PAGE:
Mr. Jacobson: I can’t remember, not much different from what you see today. People are the same, have the same weaknesses. Human nature hasn’t changed much.
Q: What did you do to take money in?
Mr. Jacobson: I would play the piano in an orchestra. I wanted to be a newsboy, all my friends were. They were all working. You had to apply, and you got this special button. So I got my button, to sell newspapers. A friend of mine wanted to barrow it for the weekend, said he would take very good care of it. So I let him use my little button, and he took it away. That was the closest I came, to being a newsboy. I worked part-time for my father at the store, at the cash register or something. Oh, my piano teacher got me a job to play for allocution classes. I played some diddly-diddly, while they recited poetry and that sort of thing on Saturday mornings.
Q: Did your sisters work?
Mr. Jacobson: Yeah, my sister Edna worked. My sister Lillian worked as a biologist for the Hood Hill company for a while. And Edna was a salesgirl, bookeeper, and when the war came she got a job at the Watertown Arsenal. Yeah, she made a real something out of herself, very proud of her. I was supposed to be the chemist, she did me. They were very smart. I think my oldest sister was the smartest of the crew. All A’s in school.
Q: What school did you go to?
Mr. Jacobson: I went to English Latin School on Tremont street. I walked to school every day, up over Beacon Hill, down across the commons and to Tremont street.
Q: Were the streets paved?
Mr. Jacobson: Yeah the streets were paved. But some of the streets were cobblestone. I had one experience. My father rented a cottage up near Revere Beach one summer, and he had to take the furniture and clothing to the cottage so I came with him along for the ride. He had rented a horse and wagon, and there is a street in Boston called Hanover street, and at the time it was all cobblestone. So we came to Hanover street and the horse and wagon, and Hanover street if very steep and at the end of Hanover street and you take the ferry over to Revere, and the horse on the cobblestone, something happened. He went down on his haunches and he was sliding down on the cobblestones. His front feet straight out, sitting on his rear end, sliding down Hanover street on the cobblestones. I got very frightened, I was very young maybe six years old or so. So I jumped off the wagon. I didn’t see this but someone told me, the wheels were just about to go over my legs and luckily someone over on the side came over and pulled me out of the way. So Hanover street wasn’t paved, but most of the streets were.
Q: Do you ever recall seeing any homeless people in Boston?
Mr. Jacobson: Of course, of course. Yes indeed.
Q: Where there a lot?
Mr. Jacobson: A lot is a very indeterminate number. I was approached more then once by a homeless person for dollar for a cup of coffee, or something. Often. Often, they would be sleeping on the streets.
Q: Did they set up camps?
Mr. Jacobson: No. A lot of homeless people used to sleep in the Commons.
Q: What about sports in the media?
Mr. Jacobson: Just about the same as today. Baseball, basketball, hockey.
Q: How did your mother afford to give you piano lessons?
Mr. Jacobson: I don’t know. I also took drum lessons for a while, my father thought I had a future playing the drums. But she managed, I never asked. I went to conservatory. I don’t know how she did it.
Q: How many hours a day did your mother work?
Mr. Jacobson: I’d say probably 10.
Q: Every day?
Mr. Jacobson: Not on Sunday, I don’t know about Saturday. She was an exceptional woman. She was a little bit of a thing. About 5 feet tall and 100 pounds.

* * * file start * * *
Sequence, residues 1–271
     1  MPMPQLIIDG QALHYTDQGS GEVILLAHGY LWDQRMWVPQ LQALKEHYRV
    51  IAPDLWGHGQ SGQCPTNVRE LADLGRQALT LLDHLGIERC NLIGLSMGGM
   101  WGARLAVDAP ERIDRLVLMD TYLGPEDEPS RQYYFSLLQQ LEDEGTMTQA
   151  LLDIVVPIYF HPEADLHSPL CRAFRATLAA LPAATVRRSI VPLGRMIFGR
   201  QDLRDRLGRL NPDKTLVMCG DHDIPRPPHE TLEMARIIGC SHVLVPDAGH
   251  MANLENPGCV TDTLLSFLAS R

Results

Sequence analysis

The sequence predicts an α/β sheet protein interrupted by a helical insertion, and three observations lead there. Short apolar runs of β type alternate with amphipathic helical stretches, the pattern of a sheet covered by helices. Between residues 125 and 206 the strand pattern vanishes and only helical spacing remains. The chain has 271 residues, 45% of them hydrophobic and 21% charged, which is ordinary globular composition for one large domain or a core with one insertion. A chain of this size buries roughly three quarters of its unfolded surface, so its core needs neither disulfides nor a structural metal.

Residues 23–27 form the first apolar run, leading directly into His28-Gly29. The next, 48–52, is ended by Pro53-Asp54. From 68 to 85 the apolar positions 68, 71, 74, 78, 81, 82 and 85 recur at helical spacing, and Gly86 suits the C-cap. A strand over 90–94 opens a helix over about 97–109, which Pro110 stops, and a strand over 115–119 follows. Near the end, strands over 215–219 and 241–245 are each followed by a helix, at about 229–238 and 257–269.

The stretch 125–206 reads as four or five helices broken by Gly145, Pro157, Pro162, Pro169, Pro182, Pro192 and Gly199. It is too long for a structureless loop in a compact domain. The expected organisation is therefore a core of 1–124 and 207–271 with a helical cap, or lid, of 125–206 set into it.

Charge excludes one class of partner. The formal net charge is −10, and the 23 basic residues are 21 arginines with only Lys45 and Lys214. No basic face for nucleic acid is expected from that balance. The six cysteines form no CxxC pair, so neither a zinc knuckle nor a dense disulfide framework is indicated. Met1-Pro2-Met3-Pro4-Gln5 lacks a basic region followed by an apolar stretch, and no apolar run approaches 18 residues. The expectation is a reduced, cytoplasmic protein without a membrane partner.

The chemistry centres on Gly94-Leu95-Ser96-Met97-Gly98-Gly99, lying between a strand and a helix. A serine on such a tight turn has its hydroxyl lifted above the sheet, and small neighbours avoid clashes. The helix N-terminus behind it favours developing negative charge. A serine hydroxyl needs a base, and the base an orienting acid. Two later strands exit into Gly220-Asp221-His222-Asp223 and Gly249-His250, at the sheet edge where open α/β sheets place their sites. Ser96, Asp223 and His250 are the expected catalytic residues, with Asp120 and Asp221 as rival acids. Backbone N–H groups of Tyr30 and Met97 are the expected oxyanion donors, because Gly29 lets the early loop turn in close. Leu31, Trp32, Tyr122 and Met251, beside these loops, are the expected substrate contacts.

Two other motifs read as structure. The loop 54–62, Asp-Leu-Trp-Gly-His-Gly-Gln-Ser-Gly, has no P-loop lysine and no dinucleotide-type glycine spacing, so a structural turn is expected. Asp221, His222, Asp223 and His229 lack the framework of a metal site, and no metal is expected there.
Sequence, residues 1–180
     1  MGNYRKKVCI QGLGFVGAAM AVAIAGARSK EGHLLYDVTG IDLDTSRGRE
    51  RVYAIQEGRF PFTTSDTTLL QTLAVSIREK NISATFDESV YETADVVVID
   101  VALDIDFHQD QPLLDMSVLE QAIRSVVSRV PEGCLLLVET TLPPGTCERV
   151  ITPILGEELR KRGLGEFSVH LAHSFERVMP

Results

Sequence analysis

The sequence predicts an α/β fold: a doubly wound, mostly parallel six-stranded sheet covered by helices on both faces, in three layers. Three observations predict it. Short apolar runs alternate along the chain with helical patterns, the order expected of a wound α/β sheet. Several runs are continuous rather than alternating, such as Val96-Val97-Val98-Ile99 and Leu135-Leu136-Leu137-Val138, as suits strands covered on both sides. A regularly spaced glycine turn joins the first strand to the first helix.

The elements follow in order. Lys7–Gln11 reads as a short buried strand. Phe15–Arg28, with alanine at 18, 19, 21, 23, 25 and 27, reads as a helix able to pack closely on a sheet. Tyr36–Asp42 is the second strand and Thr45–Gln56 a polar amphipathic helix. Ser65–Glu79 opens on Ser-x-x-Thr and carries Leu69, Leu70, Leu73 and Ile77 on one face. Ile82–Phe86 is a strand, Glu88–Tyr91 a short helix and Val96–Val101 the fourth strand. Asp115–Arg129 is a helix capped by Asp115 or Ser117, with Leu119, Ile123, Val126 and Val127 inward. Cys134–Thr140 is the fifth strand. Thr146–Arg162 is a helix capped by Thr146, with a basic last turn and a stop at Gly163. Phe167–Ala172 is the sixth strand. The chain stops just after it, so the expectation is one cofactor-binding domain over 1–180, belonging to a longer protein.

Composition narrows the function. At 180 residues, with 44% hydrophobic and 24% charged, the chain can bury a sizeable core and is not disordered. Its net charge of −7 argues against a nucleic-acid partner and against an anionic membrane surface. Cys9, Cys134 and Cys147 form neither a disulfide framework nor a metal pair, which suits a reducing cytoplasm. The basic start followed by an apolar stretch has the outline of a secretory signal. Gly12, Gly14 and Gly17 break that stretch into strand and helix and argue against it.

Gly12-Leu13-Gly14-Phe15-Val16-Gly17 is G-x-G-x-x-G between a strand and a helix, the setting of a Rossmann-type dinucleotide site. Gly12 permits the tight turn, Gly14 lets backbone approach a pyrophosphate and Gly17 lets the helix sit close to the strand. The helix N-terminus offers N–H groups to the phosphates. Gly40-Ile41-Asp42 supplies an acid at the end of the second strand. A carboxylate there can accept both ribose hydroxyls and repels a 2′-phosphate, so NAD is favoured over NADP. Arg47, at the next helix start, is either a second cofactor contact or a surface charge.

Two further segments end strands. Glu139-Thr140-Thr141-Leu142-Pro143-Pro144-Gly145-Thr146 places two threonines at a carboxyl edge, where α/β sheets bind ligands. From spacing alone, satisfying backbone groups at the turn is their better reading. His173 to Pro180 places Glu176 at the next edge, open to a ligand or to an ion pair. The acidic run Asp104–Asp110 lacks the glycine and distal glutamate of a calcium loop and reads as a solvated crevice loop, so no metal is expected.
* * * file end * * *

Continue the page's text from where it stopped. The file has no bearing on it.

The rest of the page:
Q: Did you have an icebox?
Mr. Jacobson: Oh yes, an icebox. Of course we had no electric refrigerators. And we always lived on the top floor, three flights up, because that was the cheapest rent. So we always lived on the top floor. The people who sold ice would give you a card, 25, 35, 45, and you would put the card in the window with the price you wanted worth of ice. And he would look up and see what you wanted and he would go and cut out a piece, a big block of ice. Put it on your shoulder and carry it upstairs. Then of course we would put the ice on top, and it would run down to a pan underneath.
Q: How many rooms in your apartment?
Mr. Jacobson: Before or after the divorce?
Mr. Jacobson: Well my younger sister slept with my mother, and for a while I slept with my father, so we had maybe two bedrooms and a sofa in the living room. A kitchen. It was small, tight quarters. In fact when I was real young, six or seven years old maybe, the bathroom was outside the apartment. The apartments, one bath no shower.
Q: Like an outhouse?
Mr. Jacobson: It was a room, just big enough for a hopper and a bathtub, that was it.
We didn’t have central heat or running water. If you wanted to take a bath there was a gas meter in the bathroom you would put a quarter in and it would start something or other so you could have hot water.
Q: Did your mother make all your clothes?
Mr. Jacobson: No, that was all purchased. But it was a big day when you got a new pair of shoes. Tom McCann, you could buy a new pair of shoes for $7.77. And boy, when you got a new pair of shoes your friends would go ‘woah!’ That was a big day when you got a new pair of shoes. When you got a new jacket or something, that was a big day.
Q: How often did you buy new clothes?
Mr. Jacobson: As I needed them, I was easy on my clothes.
Q: Did you wear the same thing every day?
Mr. Jacobson: I probably wore the same shoes everyday, I only had one pair of shoes. No, I changed my clothes very often. But we didn’t have a clothes washing machine or a drier. My mother would scrub the clothes by hand. In fact when I went to work and Eastern Gas and Fuel after I graduated from college, one of the men there asked me what I did with my clothes when I was through wearing them, he said he wanted them, I said I would give them to him. I kept them in such good condition.
Q: Did you live at home during college?
Mr. Jacobson: Of course.
Q: Where did you live when you got out of college?
Mr. Jacobson: At home. I lived at home until I went into the airforce. I lived at home for at least five more years, until I was 31. Then I met Bee and married her.
Q: How did you meet her?
Mr. Jacobson: I met her at a friend’s wedding. My best friends wedding. My friend Alan Yafa, and my wife was a friend of Mickey’s, the woman he was marrying. Love at first sight.